# Caryopsis Weight and Planting Depth of Blue Grama I. Morphology

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Caryopsis Weight and Planting Depth of Blue Grama I. Morphology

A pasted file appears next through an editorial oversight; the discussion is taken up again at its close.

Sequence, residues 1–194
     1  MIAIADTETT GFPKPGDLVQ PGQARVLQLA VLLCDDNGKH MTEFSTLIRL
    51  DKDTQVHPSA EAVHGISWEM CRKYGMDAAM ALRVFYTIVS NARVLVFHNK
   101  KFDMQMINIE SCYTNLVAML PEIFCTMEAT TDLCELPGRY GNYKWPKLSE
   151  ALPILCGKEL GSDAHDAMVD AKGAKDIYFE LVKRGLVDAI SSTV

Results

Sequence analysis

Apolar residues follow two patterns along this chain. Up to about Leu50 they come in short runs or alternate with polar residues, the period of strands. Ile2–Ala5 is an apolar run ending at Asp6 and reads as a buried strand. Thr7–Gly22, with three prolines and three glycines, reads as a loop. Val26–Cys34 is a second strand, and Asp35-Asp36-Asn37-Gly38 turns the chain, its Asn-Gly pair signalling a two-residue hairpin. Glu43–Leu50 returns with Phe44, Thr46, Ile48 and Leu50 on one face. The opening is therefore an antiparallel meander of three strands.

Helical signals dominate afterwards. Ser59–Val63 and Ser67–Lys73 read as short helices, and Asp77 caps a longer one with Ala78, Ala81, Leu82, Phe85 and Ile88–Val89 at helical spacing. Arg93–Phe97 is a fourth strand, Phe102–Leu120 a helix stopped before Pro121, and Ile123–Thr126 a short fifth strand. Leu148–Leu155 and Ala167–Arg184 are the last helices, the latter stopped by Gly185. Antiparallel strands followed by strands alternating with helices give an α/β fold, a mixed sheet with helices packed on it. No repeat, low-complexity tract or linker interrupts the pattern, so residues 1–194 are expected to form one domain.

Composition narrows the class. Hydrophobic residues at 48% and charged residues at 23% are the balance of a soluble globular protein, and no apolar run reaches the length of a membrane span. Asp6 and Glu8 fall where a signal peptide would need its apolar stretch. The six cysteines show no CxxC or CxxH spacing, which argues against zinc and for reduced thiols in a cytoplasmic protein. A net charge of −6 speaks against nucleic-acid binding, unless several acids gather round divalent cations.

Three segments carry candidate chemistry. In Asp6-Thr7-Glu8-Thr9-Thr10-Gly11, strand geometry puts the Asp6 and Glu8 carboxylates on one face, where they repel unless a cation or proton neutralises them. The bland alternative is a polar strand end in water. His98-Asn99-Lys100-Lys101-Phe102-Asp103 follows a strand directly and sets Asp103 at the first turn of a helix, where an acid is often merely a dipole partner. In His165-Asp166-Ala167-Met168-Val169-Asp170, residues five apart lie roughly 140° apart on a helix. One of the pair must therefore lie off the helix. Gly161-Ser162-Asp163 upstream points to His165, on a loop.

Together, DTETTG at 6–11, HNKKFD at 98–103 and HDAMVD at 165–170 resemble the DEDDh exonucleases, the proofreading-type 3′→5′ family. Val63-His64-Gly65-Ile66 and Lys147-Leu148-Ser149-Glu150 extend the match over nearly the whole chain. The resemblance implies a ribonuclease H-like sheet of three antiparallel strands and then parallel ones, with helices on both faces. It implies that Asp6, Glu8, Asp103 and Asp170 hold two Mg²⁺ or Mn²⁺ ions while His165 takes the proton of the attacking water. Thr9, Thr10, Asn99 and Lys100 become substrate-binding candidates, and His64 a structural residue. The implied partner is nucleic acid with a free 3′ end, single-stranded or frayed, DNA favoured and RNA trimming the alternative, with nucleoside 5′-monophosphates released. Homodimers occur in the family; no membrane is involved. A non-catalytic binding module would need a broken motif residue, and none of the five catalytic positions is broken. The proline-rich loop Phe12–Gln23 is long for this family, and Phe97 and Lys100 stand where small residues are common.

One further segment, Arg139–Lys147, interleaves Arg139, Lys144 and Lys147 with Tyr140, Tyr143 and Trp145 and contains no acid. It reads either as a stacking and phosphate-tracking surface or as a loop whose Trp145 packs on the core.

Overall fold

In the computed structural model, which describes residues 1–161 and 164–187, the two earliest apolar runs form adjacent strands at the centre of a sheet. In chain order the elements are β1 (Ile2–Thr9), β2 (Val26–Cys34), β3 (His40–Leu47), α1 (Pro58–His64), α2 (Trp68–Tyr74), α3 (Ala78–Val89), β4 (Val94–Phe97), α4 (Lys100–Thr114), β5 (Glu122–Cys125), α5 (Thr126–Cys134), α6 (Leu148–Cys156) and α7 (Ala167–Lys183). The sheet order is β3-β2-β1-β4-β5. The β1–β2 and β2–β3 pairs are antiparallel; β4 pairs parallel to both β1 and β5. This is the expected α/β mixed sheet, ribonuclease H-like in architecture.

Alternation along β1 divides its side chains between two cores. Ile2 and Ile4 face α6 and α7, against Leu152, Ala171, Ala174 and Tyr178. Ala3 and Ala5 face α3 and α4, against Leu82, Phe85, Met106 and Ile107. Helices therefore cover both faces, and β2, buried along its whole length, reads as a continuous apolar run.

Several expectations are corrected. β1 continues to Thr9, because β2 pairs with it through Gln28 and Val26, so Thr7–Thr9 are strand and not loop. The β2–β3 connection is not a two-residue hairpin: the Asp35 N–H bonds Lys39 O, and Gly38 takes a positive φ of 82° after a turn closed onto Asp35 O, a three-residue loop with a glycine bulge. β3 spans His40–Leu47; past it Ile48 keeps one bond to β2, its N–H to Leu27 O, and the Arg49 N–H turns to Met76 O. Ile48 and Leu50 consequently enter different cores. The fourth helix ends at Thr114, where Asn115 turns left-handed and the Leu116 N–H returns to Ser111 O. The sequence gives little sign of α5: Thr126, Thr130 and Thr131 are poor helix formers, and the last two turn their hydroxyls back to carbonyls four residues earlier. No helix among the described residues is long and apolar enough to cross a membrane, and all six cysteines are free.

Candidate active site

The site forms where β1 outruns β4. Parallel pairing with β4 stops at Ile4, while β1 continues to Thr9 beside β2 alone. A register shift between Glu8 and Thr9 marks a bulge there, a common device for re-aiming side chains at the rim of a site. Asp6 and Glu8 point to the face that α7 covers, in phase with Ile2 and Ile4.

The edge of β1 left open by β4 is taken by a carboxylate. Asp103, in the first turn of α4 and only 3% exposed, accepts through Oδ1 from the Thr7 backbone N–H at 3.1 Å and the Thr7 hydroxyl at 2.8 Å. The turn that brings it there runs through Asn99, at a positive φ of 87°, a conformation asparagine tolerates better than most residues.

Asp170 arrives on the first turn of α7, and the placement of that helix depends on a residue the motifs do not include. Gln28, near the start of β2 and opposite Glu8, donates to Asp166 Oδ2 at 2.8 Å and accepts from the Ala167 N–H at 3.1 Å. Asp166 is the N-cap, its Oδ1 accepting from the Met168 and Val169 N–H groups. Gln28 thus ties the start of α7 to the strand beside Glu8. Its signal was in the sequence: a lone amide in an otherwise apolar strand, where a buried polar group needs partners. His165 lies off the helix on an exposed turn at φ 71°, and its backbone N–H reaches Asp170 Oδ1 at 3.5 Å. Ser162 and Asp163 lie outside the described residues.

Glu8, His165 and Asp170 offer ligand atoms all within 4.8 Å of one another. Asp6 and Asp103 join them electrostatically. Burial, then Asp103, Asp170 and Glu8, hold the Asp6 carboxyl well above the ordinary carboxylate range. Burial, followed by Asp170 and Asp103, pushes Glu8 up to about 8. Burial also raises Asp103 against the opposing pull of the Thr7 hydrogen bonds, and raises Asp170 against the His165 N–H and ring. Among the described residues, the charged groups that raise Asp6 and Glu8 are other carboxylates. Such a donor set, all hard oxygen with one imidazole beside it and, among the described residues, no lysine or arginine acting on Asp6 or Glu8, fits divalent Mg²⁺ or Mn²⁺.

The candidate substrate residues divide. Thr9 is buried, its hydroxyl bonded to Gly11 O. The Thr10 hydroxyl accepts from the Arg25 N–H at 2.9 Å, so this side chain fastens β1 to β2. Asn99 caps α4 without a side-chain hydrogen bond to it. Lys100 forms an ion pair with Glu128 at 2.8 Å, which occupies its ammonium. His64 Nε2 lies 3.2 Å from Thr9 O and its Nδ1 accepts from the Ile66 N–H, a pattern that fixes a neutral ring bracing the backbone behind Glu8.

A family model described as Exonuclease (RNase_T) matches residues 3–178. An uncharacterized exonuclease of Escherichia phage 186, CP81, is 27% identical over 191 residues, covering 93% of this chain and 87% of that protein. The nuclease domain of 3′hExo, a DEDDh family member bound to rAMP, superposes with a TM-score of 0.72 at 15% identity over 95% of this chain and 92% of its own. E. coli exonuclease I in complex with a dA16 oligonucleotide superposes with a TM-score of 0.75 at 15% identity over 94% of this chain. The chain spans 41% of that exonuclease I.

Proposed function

Caryopsis Weight and Planting Depth of Blue Grama I. Morphology, Emergence, and Seedling Growth C.J. CARREN, A.M. WILSON, R.L. CUANY, AND G.L. THOR Abstract Blue grama [Bouteloua grads (H.B.K.) Lag. ex Steud.] has been diicult to establish from seed on disturbed areas of the Central Plains. The objective of this study was to investigate the relationship of caryopsis weight, planting depth, and genetic variability on seedling emergence of blue grama. Two experiments were conducted in the greenhouse under favorable moisture conditions with 3 accessions and various combinations of caryopsis weight and planting depth. Measurements included rate of germination and emergence as an index, percentage emergence, shoot length, shoot weight, seminal root length, coleoptile length, subcoleoptile internode length and weight, adventitious root weight, and longest adventitious root length. The length of the subcoleoptile internode increased in response to greater planting depth but weight per unit length deereased. If this indicates a decrease in internode diameter it could decrease the rate of water transport through the internode. Deep plantings were not advantageous to emergence or seedling growth under favorable soil moisture conditions and caused a delay in emergence and decreased percentage emergence, shoot weight, and adventitious root weight. High crryopsisweight was associated with an increase in emergence, weight per unit length of the subcoleoptile internode, coleoptile length, shoot weight, and adventitious root weight. Therefore, high caryopsis weight is advantageous in the deep plnnting of blue grama seeds and allows seeds to be planted deeper to take advantage of moisture for germination and emergence. There are, however, about 5 million acres of abandoned cropland in the Central Plains on which blue grama has not become naturally reestablished during the 40 to 50 years since cultivation ceased (Bement et al. 1965). The difficulty of establishment of blue grama from seed in range plantings is related to several factors, including: small seed size, the presence of a single branched (but thin) seminal root, a thin subcoleoptile internode which must transport all water necessary for seedling survival, a short coleoptile, and the location of the crown near the soil surface (Hyder et al. 1971, Nason et al. 1987) (Fig. 1). LEAF Key Words: seed weight, Bouteloua grad&, adventitious roots, seedling morphology, path analysis, seedling establishment Blue grama [Eouteloua grucilis (H.B.K.) Lag. ex Steud.] is the dominant native grass of the Central Plains of the United States. Authors arc lab assistant, Dept. of Agronomy, Colorado State Univ., Fort Collins 80523; plant physiologist (deceased), USDA, ARS, Crops Research Lab., Colorado State Univ., Fort Collins 80523; professor and researcher, Dept. of Agronomy, Colorado State Univ., Fort Collins 80523. The authors wish to thank Philliu Morrisev and Patricia Fashina for technical assistance in the study. The authors thank Dr. MA. Brick and Dr. C.H. Pearson of the Department of Agronomy; Dr. M.J. Trlica of the Department of Range Science; Dr. P. Coyne of the USDA Southern Great Plains Range Research Station, Woodward, OK) and Dr. D.D. Briskc of Texas ABM University, College Station for their comments m reviewing this paper. Manuscript accepted 3 November 1986. JOURNAL OF RANGE MANAGEMENT 40(3), May 1987 Fig. 1. Diagram of blue grama seedling that has emerged through dry soil layer, The coleoptilar node is the site of ahentitious root formation. The plant will not survive if the seminal root is killed by desiccation before adventitious roots are established, because new seminal roots cannot be formed. Adventitious roots will only develop and grow when soil at the plant’s crown is moist for approximately 3 207 days after the plant has reached at least 2 weeks of age (Wilson and Briske 1979). If the drying front of the soil progresses downward faster than the new adventitious roots extend themselves, the plant will probably die from desiccation in the unsuccessful attempt at adventitious rooting. In other grass species, improved vigor and ability to emerge from deep plantings are often associated with heavier seeds (Rogler 1954, Kneebone and Cremer 1955, Tossell 1960, Arnott 1969, Knipe 1970, Trupp and Carlson 197 1, Wright 1977). Wilson et al. (198 1) concluded that caryopsis weight is a genetic characteristic in blue grama and therefore it is possible to select and improve the species for high caryopsis weight. The objective of this study was to investigate the relationship of caryopsis weight, planting depth, and accession on seedling emergence, morphology, and growth of blue grama. Materials and Methods Morphology Experiment Three blue grama accessions were used: 2 released cultivars, ‘Hachita’ and ‘Lovington’, originated from seed collected south of Hachita and near Lovington in SW and SE New Mexico, respectively. The third was a composite, PM-K-1483, of accessions from Kansas and Texas that was maintained by the Soil Conservation Service (SCS). All 3 accessions come from regions of the Great Plains with more precipitation and a greater number of degree days than are found near Fort Collins, Colo. Spikelets (seeds) of these 3 accessions were harvested in 1978 in related research (Wilson et al. 1981) from individual plants in a 1080-plant nursery located at the SCS, Plant Materials Center, Los Lunas, New Mexico. Average caryopsis weight of the seeds from each plant was determined, and each plant was assigned to 1 of 5 caryopsis weight classes (35-40, 40-45,45-50,50-55, and 55-60 mg/ 100 caryopses, designated as class 1 through 5, respectively). The spikelets were processed with a South Dakota seed blower to eliminate unfilled spikelets. An equal quantity of seed from 10 plants within each of the 3 accessions and the 5 weight classes was taken to form 15 seed lots. Each seed lot was planted in pots at each of 3 depths (1 .O, 2.0, and 3.0 cm), which resulted in 45 pots (3 accessions X 5 weight classes X 3 planting depths) in each of 7 replications. Plastic pots (15 cm diameter and 15 cm height) were filled with 1,600 g of sterilized, screened McGrew sandy loam soil (fine-loamy, mixed, mesic Aridic Argiustoll). Fifteen seeds were spaced evenly on the soil surface in each pot, covered with 50 g of soil (approximately 0.2 cm), irrigated with 250 ml of water to bring the soil to field capacity (about -0.03 MPa), and then covered with enough dry soil to obtain 1.0, 2.0, or 3.O-cm planting depths. Pots were subirrigated as necessary (determined by weight) to maintain field capacity up to the planting depth, but seedlings were required to emerge through a dry soil layer (Fig. 1). Moisture rose a few millimeters into the dry soil but because of the irrigation procedure this soil layer remained dry. Pots were maintained in the greenhouse with 14 hours of supplemental sodium vapor lighting and 25 to 35’ C temperatures. The soil was washed from the seminal roots of seedlings 10 days after planting. If more than 10 seedlings emerged in a pot, the excess seedlings were randomly eliminated. Measurements were taken on shoot length (coleoptilar node to the tip of the longest leaf), seminal root length, coleoptile length, subcoleoptile internode length, and subcoleoptile internode weight. Weight per unit length of the subcoleoptile internode (which may be an indication of its diameter) was calculated. Emergence and Seedling Growth Experiment In this experiment, plants belonging to the same accessions described earlier were divided into 6 caryopsis weight classes by adding a 60 to 70 mg/ 100 caryopses class to the 5 classes previously described. Spikelets harvested from 3 separate plants within each accession and weight class were used. Twenty-five spikelets from each of the 3 plants per weight class and accession were planted per pot, at each of 6 different soil depths (2.0,2.5,3.0,3.5,4.0, and 4.5 208 cm) for a total of 324 pots (3 accessions X 6 weight classes X 3 plants X 6 planting depths) in each of 4 replications. The planting method was similar to that used in the morphology experiment (Fig. 1) and prevented adventitious root development by maintaining the dry soil layer above the seed. From the third day to the tenth day after seeds were planted, the number of seedlings that emerged each day was recorded. A rate of emergence index was calculated using the formula: (Z n) X 100 X (n X D) where n = number of seedlings that emerged on each day and D = the number of days after planting(Kotowski 1926, Maguire 1962). This formula provides for an index that is expressed in reciprocal days and is independent of the total number of plants that emerged. A high index indicates early emergence. A rate of germination index was calculated by applying the above formula to the daily germination data from a IO-day, 25” C blotter paper germination test of spikelets from the same 54 parent plants. The percentage of emerged seedlings was calculated by dividing the total that emerged by the total number of germinable seeds planted (based on the germination test). Seedlings were randomly thinned to 3 per pot after 3 weeks, and subirrigated as needed (by weight) to maintain field capacity of the bottom moist soil layer for approximately 6 weeks while the plants subsisted solely on their seminal roots. Then adventitious root growth was promoted by covering the crowns of seedlings with 1 cm of screened soil and surface irrigating daily to maintain the entire pot at field capacity. After 3 days, soil was washed from the plants and 3 growth characteristics were measured: length of longest adventitious root, dry weight of shoots, and dry weight of adventitious roots. The data for each pot was the mean of those seedlings which had emerged and survived to the end of the test. Statistical analyses for the 2 experiments included an analysis of variance on each of the variables investigated (including all possible interactions; if no interaction is mentioned, the interaction was not significant); Duncan’s multiple range test to separate significant accession and parent plant differences; and multiple regression of subcoleoptile internode weight per unit length on caryopsis weight and planting depth. Analysis of covariance for percent emergence, with caryopsis weight as the covariate, was used to determine if there were differences among parent plants and planting depths after adjusting for the effects of different caryopsis weights. Simple bivariate correlations were calculated between selected factors and variables. Standardized partial regression coefficients or path coefficients (p) (Wright 1934, Nie et al. 1975) were calculated to determine the relative effects of planting depth and caryopsis weight on subcoleoptile weight per unit length. Cause-and-effect assumptions (based on the developmental sequence in blue grama) were made among the variables of adventitious root weight, and caryopsis weight, planting depth, germination index, emergence index, and final shoot weight. Data from the experiment were subjected to path coefficient analysis (Wright 1934, Nie et al 1975) to determine statistical significance of those assumed cause-and-effect relationships. Results and Discussion Morphology Experiment Increased planting depth shoot length and likewise seminal root root length (table 1). Increased planting depth also decreased the weight per unit length of the subcoleoptile internode. Conversely, increased planting depth increased coleoptile length slightly and subcoleoptile internode length considerably (Table 1). Even though these coleoptile differences were statistically significant, they may not be biologically meaningful because a fraction of a millimeter probably would not affect seedling establishment. Increased caryopsis weight was associated with increased shoot length, increased weight per unit length of the subcoleoptile interJOURNAL OF RANGE MANAGEMENT 40(3), May 1987 Table 1. Effect of planting depth on seedling trait+. PLANTING DEPTH (cm) Planting 1 Trait depth (cm) 2 5.8 Shoot length (cm) Seminal root length (cm) 11.5 Subcoleoptile internode weight 67 per unit length @g/cm) Coleoptile length (cm) 0.54 Subcoleoptile internode length (cm) 0.6 Subcoleoptile internode + coleoptile length (cm)2 1.1 3 2.5 5.0 11.2 4.1 9.6 57 0.55 43 0.60 1.4 2.3 2.0 2.9 3.0 3.5 ‘Differences among plant depths were significant for all traits (EJI.OI). *Subcoleoptk internode length + coleoptile length is approximately equal to planting depth. node, and increased coleoptile length (Table 2). The frequency of coleoptiles with a length greater than 0.70 cm was more than 3 times greater in the highest weight class than in the lowest weight class. Seedlings from the 5 caryopsis weight classes differed in seminal root length but not in a consistent pattern. 4.0 Table 2. Effect of caryopsis weight on seedling traits*. Caryopsis Trait Shoot length (cm) Seminal root length (cm) Subcoleoptile internode weight per unit length (ug/cm) Coleoptile length (cm) 4.5 weight class I 2 3 4 5 4.6 10.2 5.0 11.2 5.1 11.0 4.9 10.6 5.5 11.0 51 0.54 55 0.56 54 0.56 60 0.57 60 0.59 ‘Differences among caryopsis weight classes were significant for all traits @O.Ol). Hachita had a greater shoot length than the other 2 accessions (Table 3). Accession PM-K-1483 had longer seminal roots than did the other 2 accessions. Although the accessions did not differ in subcoleoptile internode length, Hachita had the longest coleoptiles (Table 3). Table 3. Effect of recession on seedling tnitsl. Accession Trait Shoot length (cm) Seminal root length (cm) Coleoptile length (cm) Hachita Lovington 5.4” 10.6b 0.58^ 4.8b 10.6b 0.56b PM-K-1483 4.8b 11.2” 0.56b ‘Means for a particular trait having the same letter were not significantly different (130.05 according to Duncan’s multiple range test. Regression analysis indicated that an increase in caryopsis weight was associated with increased weight per unit length of the subcoleoptile internode (path coefficient, p 0.15), whereas increased planting depth was associated with decreased weight per unit length of the internode (p = -0.49). This indicated the opposing influences of the 2 independent variables. q Emergenee and Seedling Growth Experiment A deep planting depth dramatically decreased the emergence of seedlings, but a greater caryopsis weight was associated with increased emergence (Fig. 2). Emergence ranged from a low of 1% at the 4.5-cm depth for weight class 1 to a high of 98% at the 2.0-cm depth for weight class 6. Accessions PM-K-1483 and Hachita were superior to Lovington in percentage emergence with mean values of 59,60, and 55%, respectively, over all depths and weight classes. Different average emergence percentages were noted among seedlings from the 54 parent plants, which ranged from 30 to 76%. The correlation coefficient (r) between caryopsis weight and perJOURNAL OF RANGE MANAGEMENT 40(3), May 1987 1 40 50 60 t 70 CARYOPSIS WEIGHT (mg/lOO) Fig. 2. Effects of caryopsis weight andplanting depth on seedling emergence of blue grama seedlings grown under favorable soil moisture conditions. Differences among caryopsis weight means andplanting depth means were significant (~10.01). me interaction of caryopsis weight and planting depth was significant (p10.01). centage emergence was 0.73 when the percentage emergence for each parent plant was averaged over all planting depths. Analysis of covariance indicated that parent plants still had different emergence percentages after adjusting for the effects of caryopsis weight. These results and those of our other studies suggest that blue grama emergence could be improved by recurrent selection for high caryopsis weight and emergence from deep plantings. The rate at which seedlings emerged was decreased with increased planting depth (from 24.5 to 17.3 emergence index), probably because of the greater distance the subcoleoptile internode had to elongate to elevate the coleoptile to the soil surface. There were no consistent trends in the effect of caryopsis weight on emergence index. The 3 accessions had emergence indices of 22.8, 21.2, and 19.0 for PM-K-1483, Lovington, and Hachita, respectively. Deep plantings were associated with lower shoot weights (Fig. 3), whereas heavier caryopses were associated with higher shoot weights and overcame the inhibitory effects of deep planting. Large caryopses may have both larger embryos and a greater amount of stored energy, which may result in larger first leaves. With the exponential growth typical of seedling leaf area, large caryopses may thus contribute to more rapid shoot growth. The 3 accessions differed in shoot weights with 254, 242, and 220 mg/seedling for Hachita, Lovington, and PM-K-1483, respectively. Planting depth had no significant effect on length of the longest adventitious root. Although there were differences among caryopsis weight classes for adventitious root length, there were no apparent trends. Mean adventitious root lengths among the 54 parent plants varied from 7.4 to 9.8 cm indicating potential for selection, 209 PLANTING increased as seed weight increased up to weight class 5 and then dropped off in class 6 (Table 4). It must be remembered that there was a genetic difference among weight classes because the seeds in each weight class came from different parent plants. The lower root weight for weight class 6 is therefore not necessarily associated with seed weight. Accessions differed (RSO.01) in adventitious root weight (40.3, 37.9, and 3 1.O mg/ seedling for Hachita, Lovington, and PM-K-1483, respectively). DEPTH 3.0 Path Coeffkient Analysis Path coefficient analysis yielded statistically comparable standardized path coefficients (p) for variables associated with adventitious root weight (Fig. 4). A direct causal effect and the postulated 3.5 4.0 4.5 \ 1001 30 I%) 40 50 CARXIPSIS fo 60 blue grama seedlings grown under favorable soil moisture conditions. Dtfferences among caryopsis weight means and planting depth means were significant (pSO.01). The interaction of caryopsis weight andplanting depth was not significant (F’X.05). Broad sense heritabilities for this characteristic were estimated at 0.80 in our other studies. Adventitious root lengths were uncorrelated with caryopsis weight. The 3 accessions tested had different (EO.01) mean root lengths (8.9, 8.6, and 8.1 cm for Hachita, Lovington, and PM-K-1483, respectively), which also suggests that root growth is under partial genetic control. Wilson et al. (unpubl. data) found a broad sense heritability of 0.17 for this trait among a group of highly selected progenies. Greater planting depth was associated with a negative effect on adventitious root weight (Table 4). Adventitious root weight Table 4. Effect of planting depth and caryopsis weight on adventitious root weight of blue gnma seedlings grown under favorable soil moisture conditions. Planting Depth (cm) 2.0 2.5 3.0 3.5 4.0 4.5 39.1 38.4 36.3 36.4 33.6 31.6 1 Adventitious root wt. (mg) 31.6 2 Caryopsis Weight Class 3 4 S 34.3 34.7 37.4 41.3 6 38.5 ‘Differences among planting depth means and weight class means were significant m.05 and 10.01, respectively. 210 1 ocP7tl / Fig. 4. Path coefficient diagram of relationships among growth variables in bluegrama seedlingsgrown underfavorable soilmoisture conditions. ** Indicates significant path coefficients at PSO.01. WEIGHT (mg/lOO) Fig. 3. Effects of caryopsis weight andplanting depth on shoot weight of Adventitious root wt. (mg) Pumaa 1 I direction of that effect is shown by an arrow extending from the independent to the dependent variable. Independent variables may also exert indirect effects through their actions on other independent variables which are illustrated by alternative paths that connect the independent and dependent variables. The magnitude of the indirect effect is equal to the product of coefficients along the connecting paths. The 4 most influential relationships revealed by the path coefficient analysis were the direct positive association of shoot weight with adventitious root weight (Psi = 0.85), the direct negative association of planting depth with rate of emergence (PM -0.57), the direct negative effect of planting depth on shoot weight (Pa = -0.47), and the large indirect negative effect of planting depth on adventitious root weight through its effect on shoot weight (PZSX Psi -0.41). Caryopsis weight had only a slight direct association with adventitious root weight (Psr = -0.09). Caryopsis weight did have a positive total correlation with root weight t = 0.10 through an increase in final shoot weight (PM = 0.25), which in turn was associated with an increase in root weight (Psi = 0.85). It was unexpected that higher caryopsis weight did not result in an increase in the rate-of-emergence index and that earlier emergence was associated with a decrease in adventitious root weights. The strongest association revealed in the path coefficient analysis was that heavier shoots were associated with heavier adventitious roots. Heavier caryopses did promote the desirable characteristic of heavier shoots. However, under the favorable moisture conditions of this experiment, deeper plantings were associated with decreased shoot weights and thereby root weights. A companion paper (Carren et al. 1987) describes results under less favorable moisture conditions. q JOURNAL OF RANGE MANAGEMENT 40(3), May 1987 Discussion and Conclusions Literature Cited The subcoleoptile internode of blue grama elongates in response to planting depth and elevates the coleoptile to near the soil surface (coleoptile node within 4 to 6 mm of surface) with only a slight increase (about 0.5 mm) in coleoptile length. Weight per unit length of the subcoleoptile internode decreased in response to planting depth. If this parameter is indicative of xylem vessel diameter, deep plantings might result in seedlings with a slender subcoleoptile internode which could restrict water translocation from the seminal root to developing leaves. A decrease in the amount of water available to the shoot would cause a decrease in the maximum shoot weight that can be supported by the seminal root (Nason et al. 1987). Although seminal root length decreased with increased planting depth, there was little difference in the actual depth of the root tip in the soil profile. The subcoleoptile internode increased in length about the same amount that the root decreased in length. Planting depth therefore had little adverse effect on depth of seminal roots. Differences among accessions and among caryopsis weight classes for seminal root length, shoot length, and coleoptile length suggest that these characteristics might be improved through breeding and selection. Under favorable soil moisture conditions, deep planting was not advantageous for emergence of seedling growth. Deep planting resulted in delayed emergence, decreased percentage emergence, and decreased shoot growth and root weight. There was a clear advantage of high caryopsis weight for seedling establishment because high caryopsis weight was associated with increased emergence, shoot weight, and adventitious root weight. High caryopsis weight might overcome the disadvantages of deep planting and allow seeds to be placed in moist soil for germination and emergence. Because high shoot weight was highly correlated with high adventitious root weight, large caryopses could indirectly increase root growth through their positive effect on shoot growth. This could then lead to successful establishment of blue grama seedlings. Amott, R.A. 1969. The effect of seed weight and depth of sowing on the JOURNAL OF RANGE MANAGEMENT 40(a), May 1987 emergence and early seedling Grassland Sot. 24: 104-I 10. growth of perennial rye grass. J. Brit. Bcment, R.E., R.D. Bannington, A.C. Everaon, L.O. Hylton, Jr., and E.E. Remmenga. 1965. Seeding of abandoned croplands in the Central Great Plains. J. Range Manage. 1853-58. Carren, C.J., A.M. Wilson, and R.L. Cuany. 1987. Effects of caryopsis weight and planting depth of blue grama II. Emergence in marginal soil moisture. J. Ranae Manaee. 40~212-216. Hyder, D.N., A.C. &erson,;nd R.E. Bement. 1971. Seedlingmorphology and seeding failures with blue grama. J. Range Manaee. 24287-292. Kneebone, W.R., and C.L. Cremer. 1955. The relation&p of seed size to seedling vigor in some native grass species. Agron. J. 47:472-477. Knipe, O.D. 1970. Large seeds produce more, better alkali sacaton plants. J. Range Manage. 23:369-371. Kotowski, F. 1926. Temperature relations to germination of vegetable seed. 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